The fish assemblage associated with the Late Miocene Chadian hominid (Toros-Menalla, Western Djurab) and its palaeoenvironmental significance
Otero, Olga; Pinton, Aurélie; Mackaye, Hassan Taisso; Likius, Andossa; Vignaud, Patrick; Brunet, Michel
published: Oct 4, 2010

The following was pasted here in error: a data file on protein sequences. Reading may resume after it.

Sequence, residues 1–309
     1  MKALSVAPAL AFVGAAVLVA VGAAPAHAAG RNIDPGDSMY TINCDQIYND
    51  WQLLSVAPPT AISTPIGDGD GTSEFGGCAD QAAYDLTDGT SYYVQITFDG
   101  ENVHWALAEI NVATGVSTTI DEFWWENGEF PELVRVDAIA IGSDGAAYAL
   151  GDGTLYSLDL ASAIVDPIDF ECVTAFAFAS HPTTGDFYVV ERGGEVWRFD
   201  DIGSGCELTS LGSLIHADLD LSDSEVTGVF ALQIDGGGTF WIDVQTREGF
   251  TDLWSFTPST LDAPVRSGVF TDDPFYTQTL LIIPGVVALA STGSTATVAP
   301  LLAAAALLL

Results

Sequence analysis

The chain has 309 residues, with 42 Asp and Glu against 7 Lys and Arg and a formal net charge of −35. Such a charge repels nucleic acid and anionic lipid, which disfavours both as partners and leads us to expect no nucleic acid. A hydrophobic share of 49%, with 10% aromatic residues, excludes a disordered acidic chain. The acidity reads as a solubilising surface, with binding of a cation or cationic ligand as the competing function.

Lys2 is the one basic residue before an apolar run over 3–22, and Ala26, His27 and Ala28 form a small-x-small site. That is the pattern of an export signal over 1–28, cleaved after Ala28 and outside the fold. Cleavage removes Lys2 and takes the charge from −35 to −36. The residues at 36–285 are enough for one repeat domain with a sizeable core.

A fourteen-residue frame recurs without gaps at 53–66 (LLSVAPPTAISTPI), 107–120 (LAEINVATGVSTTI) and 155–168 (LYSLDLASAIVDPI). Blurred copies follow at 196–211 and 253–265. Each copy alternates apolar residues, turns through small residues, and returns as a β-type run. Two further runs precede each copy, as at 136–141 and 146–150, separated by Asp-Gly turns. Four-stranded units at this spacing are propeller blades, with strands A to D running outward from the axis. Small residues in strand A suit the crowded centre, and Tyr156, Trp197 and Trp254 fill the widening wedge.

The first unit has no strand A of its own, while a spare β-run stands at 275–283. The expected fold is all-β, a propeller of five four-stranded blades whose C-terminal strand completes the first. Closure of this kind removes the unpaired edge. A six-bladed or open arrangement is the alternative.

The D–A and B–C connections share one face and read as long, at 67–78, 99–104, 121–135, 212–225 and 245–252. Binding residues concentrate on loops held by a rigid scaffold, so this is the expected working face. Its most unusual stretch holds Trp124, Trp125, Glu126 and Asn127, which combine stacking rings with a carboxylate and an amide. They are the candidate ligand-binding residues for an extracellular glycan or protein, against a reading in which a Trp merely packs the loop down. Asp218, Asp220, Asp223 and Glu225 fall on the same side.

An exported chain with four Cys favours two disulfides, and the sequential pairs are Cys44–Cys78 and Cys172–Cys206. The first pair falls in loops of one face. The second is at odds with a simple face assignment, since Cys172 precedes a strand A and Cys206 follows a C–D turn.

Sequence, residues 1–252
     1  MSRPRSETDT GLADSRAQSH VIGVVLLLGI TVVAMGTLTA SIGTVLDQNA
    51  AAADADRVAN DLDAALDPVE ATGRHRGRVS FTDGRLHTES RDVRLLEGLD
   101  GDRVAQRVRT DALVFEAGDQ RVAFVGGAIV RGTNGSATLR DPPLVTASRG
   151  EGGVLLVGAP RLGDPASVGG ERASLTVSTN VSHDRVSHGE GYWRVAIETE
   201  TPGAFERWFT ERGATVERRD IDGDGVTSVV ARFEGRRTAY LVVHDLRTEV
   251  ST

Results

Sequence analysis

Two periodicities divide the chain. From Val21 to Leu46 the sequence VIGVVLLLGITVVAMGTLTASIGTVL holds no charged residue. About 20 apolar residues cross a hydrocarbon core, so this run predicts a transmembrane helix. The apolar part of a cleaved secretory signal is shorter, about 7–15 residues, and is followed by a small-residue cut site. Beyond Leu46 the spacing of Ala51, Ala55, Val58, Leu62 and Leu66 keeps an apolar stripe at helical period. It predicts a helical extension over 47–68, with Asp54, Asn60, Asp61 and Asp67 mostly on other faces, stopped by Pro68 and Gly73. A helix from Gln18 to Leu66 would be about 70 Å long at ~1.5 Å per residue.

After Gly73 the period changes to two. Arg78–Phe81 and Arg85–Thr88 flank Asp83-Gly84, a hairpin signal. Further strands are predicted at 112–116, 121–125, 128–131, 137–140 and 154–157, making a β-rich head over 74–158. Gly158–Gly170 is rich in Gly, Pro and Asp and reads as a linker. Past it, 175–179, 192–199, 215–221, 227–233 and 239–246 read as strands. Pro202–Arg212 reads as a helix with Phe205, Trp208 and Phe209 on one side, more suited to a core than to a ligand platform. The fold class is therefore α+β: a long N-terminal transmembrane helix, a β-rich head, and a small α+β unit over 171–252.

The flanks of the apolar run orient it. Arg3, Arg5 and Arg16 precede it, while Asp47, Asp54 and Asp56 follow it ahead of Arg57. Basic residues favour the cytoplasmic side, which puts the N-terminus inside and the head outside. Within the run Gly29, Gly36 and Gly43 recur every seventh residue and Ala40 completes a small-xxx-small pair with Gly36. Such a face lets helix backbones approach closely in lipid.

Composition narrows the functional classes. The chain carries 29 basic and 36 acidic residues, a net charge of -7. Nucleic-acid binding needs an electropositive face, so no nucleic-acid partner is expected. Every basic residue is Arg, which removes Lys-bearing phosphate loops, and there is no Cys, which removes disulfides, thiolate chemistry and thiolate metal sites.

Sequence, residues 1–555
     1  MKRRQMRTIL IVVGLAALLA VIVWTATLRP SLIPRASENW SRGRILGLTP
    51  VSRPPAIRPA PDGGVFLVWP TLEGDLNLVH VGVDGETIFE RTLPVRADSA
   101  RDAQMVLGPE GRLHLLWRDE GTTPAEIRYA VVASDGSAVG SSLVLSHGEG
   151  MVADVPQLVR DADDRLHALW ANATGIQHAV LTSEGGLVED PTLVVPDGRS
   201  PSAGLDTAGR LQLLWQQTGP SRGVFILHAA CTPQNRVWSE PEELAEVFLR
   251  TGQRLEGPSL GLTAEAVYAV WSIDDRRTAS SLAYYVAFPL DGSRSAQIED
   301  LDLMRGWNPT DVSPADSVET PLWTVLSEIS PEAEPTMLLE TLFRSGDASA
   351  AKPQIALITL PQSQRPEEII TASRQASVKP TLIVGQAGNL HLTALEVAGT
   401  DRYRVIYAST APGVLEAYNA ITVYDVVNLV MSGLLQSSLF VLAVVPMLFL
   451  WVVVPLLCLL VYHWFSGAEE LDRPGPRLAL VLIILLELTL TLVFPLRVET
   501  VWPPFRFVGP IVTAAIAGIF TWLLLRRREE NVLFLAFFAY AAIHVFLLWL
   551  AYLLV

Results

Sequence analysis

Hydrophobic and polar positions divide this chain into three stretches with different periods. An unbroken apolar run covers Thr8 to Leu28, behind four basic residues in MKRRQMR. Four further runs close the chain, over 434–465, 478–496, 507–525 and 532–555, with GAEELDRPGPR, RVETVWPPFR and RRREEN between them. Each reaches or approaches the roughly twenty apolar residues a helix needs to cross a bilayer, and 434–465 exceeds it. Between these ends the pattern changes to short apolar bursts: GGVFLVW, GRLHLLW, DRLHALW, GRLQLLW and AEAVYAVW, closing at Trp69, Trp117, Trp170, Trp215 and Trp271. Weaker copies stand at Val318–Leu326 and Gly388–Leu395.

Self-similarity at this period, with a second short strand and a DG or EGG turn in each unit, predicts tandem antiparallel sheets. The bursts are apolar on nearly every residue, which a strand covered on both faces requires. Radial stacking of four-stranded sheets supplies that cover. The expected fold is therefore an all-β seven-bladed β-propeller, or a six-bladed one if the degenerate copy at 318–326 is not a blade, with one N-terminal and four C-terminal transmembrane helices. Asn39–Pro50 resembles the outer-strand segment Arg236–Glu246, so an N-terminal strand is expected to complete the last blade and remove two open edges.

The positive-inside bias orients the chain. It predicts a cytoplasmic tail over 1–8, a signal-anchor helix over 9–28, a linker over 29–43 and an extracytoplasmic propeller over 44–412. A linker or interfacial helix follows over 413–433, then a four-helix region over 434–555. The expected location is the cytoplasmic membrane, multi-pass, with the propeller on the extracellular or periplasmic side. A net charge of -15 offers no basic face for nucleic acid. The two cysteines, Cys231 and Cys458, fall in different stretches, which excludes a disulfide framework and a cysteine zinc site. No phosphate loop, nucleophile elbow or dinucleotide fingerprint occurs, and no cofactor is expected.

Chad is a key region for understanding early hominid evolution and the related environmental changes of the Late Miocene. We present an extensive study of the freshwater ichthyofauna associated with Toumai, the oldest hominid known so far, at site 266 of the Late Miocene fossiliferous area of Toros-Menalla, northern Chad. Fish diversity was found to be relatively high and included at least 20 species: Polypteriformes, Polypteridae (Polypterus sp.); Osteoglossiformes, Osteoglossidae (cf. Heterotis niloticus), Mormyriformes, Gymnarchidae (cf. Gymnarchus niloticus); Cypriniformes, Cyprinidae (cf. Labeo sp.); Characiformes, Alestidae (Hydrocynus sp., Alestes/Brycinus sp., Sindacharax sp., cf. Sindacharax sp. or Bunocharax sp.); Siluriformes Claroteidae (Clarotes sp., Auchenoglanis soye), Clariidae (two Clarias sp.), Mochokidae (two Synodontis sp.), and two Siluriformes indet.; Perciformes incertae sedis (Semlikiichthys darsao), Latidae (Lates niloticus); Tetraodontiformes Tetraodontidae (two Tetraodon sp.). Among the fossil taxa three belong to extinct genera, four to fossil species of extant genera, and two species (Semlikiichthys darsao and Auchenoglanis soye) are only known from Toros-Menalla. The Tetraodon from TM 266 is the oldest known in continental Africa. After estimating the taphonomic bias, we propose a reconstruction of the fossilised aquatic environment. This corresponds to a stream or a lake with open waters, vegetated bank and a flooding regime.